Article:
As, you probably know, life insurance proceeds are not taxable for income tax purposes. However, these proceeds are taxable for Federal Estate Tax Purposes. Unfortunately, this causes many families to suffer unexpected financial burdens after the death of a loved one because Federal Estate Taxes are approximately 50% on all assets over $600,000.00. For example, you may buy a $500,000.00 Life Insurance policy thinking this is more than sufficient to pay expenses and provide an inheritance to your family. However, one-half of that amount (or $250,000.00) may be lost to Taxes. Thereafter, the family must struggle to pay expenses. If your spouse receives the proceeds, the Federal Estate Taxes will not have to be paid immediately. However, these Taxes will be payable at the death of your spouse.Fortunately, there are ways of avoiding Federal Estate Taxes on Life Insurance proceeds. We can establish an Irrevocable Living Trust (or Life Insurance Trust) to “own” the policy. Under this device, the Trust owns the policy; but the Trust document controls the Trustee’s actions and distribution of proceeds. Routinely, the surviving spouse receives the income from the Trust for life and has certain rights to use the principal, if necessary. After the surviving spouse dies, the Trust terminates and the children inherit the remainder. (If the children are of tender years or experience, the Trust can stay in place for their protection.)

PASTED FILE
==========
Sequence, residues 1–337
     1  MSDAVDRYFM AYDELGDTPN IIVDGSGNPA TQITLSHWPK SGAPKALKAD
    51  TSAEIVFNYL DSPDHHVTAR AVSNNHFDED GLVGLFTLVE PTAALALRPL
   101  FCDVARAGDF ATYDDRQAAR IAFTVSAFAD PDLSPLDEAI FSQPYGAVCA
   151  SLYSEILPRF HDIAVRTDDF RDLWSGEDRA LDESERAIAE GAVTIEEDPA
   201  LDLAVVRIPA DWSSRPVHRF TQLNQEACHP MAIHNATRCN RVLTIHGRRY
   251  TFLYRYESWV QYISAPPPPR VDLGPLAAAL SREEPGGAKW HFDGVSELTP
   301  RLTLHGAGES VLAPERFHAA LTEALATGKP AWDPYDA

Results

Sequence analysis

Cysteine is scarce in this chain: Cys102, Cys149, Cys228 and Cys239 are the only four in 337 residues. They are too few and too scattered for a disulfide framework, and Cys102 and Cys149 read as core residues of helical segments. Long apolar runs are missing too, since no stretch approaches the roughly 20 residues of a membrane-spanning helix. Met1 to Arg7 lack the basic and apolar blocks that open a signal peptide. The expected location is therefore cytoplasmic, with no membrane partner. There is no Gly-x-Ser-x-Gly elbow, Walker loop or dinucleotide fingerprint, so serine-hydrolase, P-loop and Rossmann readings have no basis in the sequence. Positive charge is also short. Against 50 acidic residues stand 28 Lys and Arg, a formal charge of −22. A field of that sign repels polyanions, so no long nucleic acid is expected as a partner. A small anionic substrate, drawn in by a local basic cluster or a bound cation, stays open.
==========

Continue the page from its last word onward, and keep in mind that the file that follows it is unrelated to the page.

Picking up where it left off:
There are certain requirements for an Insurance Trust. However, these are insignificant in the light of the benefit derived. Some requirements are:
If you transfer a life insurance policy to the Trust, you must survive for three (3) years after the transfer.
You must give up control of the policy to the Trust so that you cannot change the policy’s terms or beneficiaries or borrow against the policy.
The Trust must be irrevocable so that you cannot change the Trusts terms or beneficiaries.
Your Trust will have to pay premiums. There are notice requirements to beneficiaries when you contribute money to the Trust for this purpose.
You or your spouse cannot serve as sole trustee.
Considering the dramatic tax savings afforded by this device, the compliance requirements are well worth the effort for persons with assets and insurance exceeding $600,000.00.
Even if the tax savings are not necessary or desirable, the Trust protects your beneficiaries from squandering the funds of life insurance.
Our Estate Planning, Probate and Elder Law Department is well prepared to draft a Living Trust to satisfy our clients’ needs.
Kimberly A. Paton is a Partner at WJ&L, LLP and Chairperson of the Estate Planning, Probate and Elder Law Department.